The collapse in the number of bilateral correspondent banking relationships in recent years – driven by anti-money laundering and compliance and a key focus of the Latin American banking federation (Felaban) meetings – has now stabilized.
It may have thinned out some of the delegations to the annual get-together from the smaller banks in the smaller markets, but those that still come seem comfortable about the emergent status quo.
More to the point, the business environment for the region’s banks is increasingly healthy. Funding options remain cheap, and there is abundant liquidity thanks to the continued strong appeal of emerging markets to international investors.
Profitability is also up from already high levels, and even the region-wide need to improve digital platforms is being contained in terms of operating expenses. Provisions have peaked and asset quality is improving.
Revenues are also set to rise. Economies are growing across the region, driven by recoveries in Brazil, Argentina and, to a lesser extent, Peru and Colombia. Mexico remains positive, too, despite the negative impact of big political risk.
Banks in the region will face growing demand for credit next year as GDP improves. They are well placed to take advantage because across the region the banking systems are highly concentrated.
In Peru, the top five banks make up 91.2% of the system’s loan portfolio; in Colombia it is 78.8%; in Chile 76.7%. Brazil’s largest five banks enjoy a 76.5% share and Mexico’s 70.4%. Only Argentina has something close to plurality: its top five banks ‘only’ have a market share of 47.5%.
Relaxed, and why not?
Linked to this concentration – and perhaps the most telling trend in the region this year – has been the emergence of the leading banks as dividend stocks.
Only in Argentina will banks seek to increase their capital next year – for investments and M&A opportunities. Elsewhere, many of the banks are sufficiently provisioned and capitalized to have begun returning capital to shareholders to optimize their equity structures (building up too much equity dilutes the return ratios).
In Mexico, Banorte has accelerated its share dividend plan and may issue another special dividend of Ps10 billion ($535 million) in 2018 (on top of a planned Ps9.4 billion), which would take next year’s total payout ratio to 83%, or a dividend yield of 5.9%. That is a dividend stock in anyone’s book.
The same is true of Peru’s Credicorp. Last month, it paid out an extra dividend worth NS15.70 ($4.85) a share. Next year’s pay-out ratio could hit 50%.
In Brazil, Itaú has increased its dividend payouts by an average of 3.6% over the last three years and the yield is expected to be 5.8%. Even Bradesco, which is lagging its main private-sector competitor in this metric, is expected to have a dividend yield of 4.9% by 2021.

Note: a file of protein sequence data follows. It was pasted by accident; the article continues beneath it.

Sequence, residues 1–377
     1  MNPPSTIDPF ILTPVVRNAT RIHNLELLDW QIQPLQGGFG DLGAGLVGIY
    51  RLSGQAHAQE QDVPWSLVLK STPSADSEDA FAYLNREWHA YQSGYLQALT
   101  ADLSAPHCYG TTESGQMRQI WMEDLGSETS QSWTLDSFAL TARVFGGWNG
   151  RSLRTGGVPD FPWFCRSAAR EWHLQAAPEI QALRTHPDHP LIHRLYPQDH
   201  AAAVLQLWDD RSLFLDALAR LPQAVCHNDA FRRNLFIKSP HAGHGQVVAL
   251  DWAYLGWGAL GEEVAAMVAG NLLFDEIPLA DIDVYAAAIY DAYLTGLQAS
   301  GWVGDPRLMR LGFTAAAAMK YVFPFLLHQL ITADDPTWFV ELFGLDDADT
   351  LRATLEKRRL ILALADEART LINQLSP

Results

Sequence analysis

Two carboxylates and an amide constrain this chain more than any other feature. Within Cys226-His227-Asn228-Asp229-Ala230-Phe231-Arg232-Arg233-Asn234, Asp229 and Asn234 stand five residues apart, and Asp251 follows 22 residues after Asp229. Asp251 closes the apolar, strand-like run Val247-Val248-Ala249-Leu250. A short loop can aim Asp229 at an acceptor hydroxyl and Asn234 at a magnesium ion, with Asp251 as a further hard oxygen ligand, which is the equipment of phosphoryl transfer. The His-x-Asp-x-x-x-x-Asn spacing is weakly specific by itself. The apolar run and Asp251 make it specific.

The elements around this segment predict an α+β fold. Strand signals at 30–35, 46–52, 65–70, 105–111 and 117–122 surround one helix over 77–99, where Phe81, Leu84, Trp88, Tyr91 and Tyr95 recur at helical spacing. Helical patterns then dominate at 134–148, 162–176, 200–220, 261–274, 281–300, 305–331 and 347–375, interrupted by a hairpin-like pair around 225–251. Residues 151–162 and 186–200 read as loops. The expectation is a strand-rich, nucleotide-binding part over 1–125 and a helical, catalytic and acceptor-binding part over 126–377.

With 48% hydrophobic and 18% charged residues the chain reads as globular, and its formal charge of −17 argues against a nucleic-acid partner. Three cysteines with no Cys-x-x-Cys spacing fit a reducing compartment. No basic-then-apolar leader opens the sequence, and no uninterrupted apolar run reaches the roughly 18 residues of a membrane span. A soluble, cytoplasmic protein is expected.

This is an important development. As UBS notes, historically emerging market banks have been growth names rather than income plays because of the low credit penetration and the structural growth opportunities across developing countries.
However, the build up of capital in anticipation of Basel III has been compounded by the late-cycle slower growth in risk-weighted assets, and now many of the EM banks offer investment opportunities based on capital distribution to shareholders.
It is not even clear that when credit portfolio growth picks up this dynamic will break down. The profitability of the large EM banks should lead to surplus internal capital generation, even when credit demand is growing, and therefore the potential will remain for higher and special dividend payouts.
If this persists and EM banks become a dividend play throughout a cycle, it will have big implications for investors and managements alike, lowering share-price volatility as long as managements play along with their new dividend responsibility.
And management should be able to maintain dividend policies in the absence of any great competition. One particularly instructive statistic is that across the region, the participation of foreign banks has fallen sharply in the previous decade – from 20.9% market share in 2008 to 12.8% in 2016 – and continues to fall.
What about the fintechs?
The only cloud on the horizon on the march of EM banks to permanent dividend investments status is the rise of fintechs.
No wonder in Brazil the central bank launched a consultative process at the end of August in an attempt to simplify the regulations of startups and enable a lower cost of compliance to help disrupt financial systems.
The aim is to enable digital platforms to offer lower-cost credit and spur competitive forces.
However, it is likely it will take more than regulation, although this will undoubtedly help. It will also require cultural shifts: among consumers and among these challengers.
Presently, many fintechs seem to meekly enter big banks’ versions of tech incubators. A report by Goldman Sachs on the Brazilian fintech industry commented about the surprisingly collaborative nature of Brazilian financial startups with the main banks.
It seems the banks are more likely to absorb fintechs than lose much in the way of business to them.
As one senior retail banker in Brazil says: “We don’t think the future of Brazil is one of the rise of the fintechs, rather the rise of technology for the financial institutions.”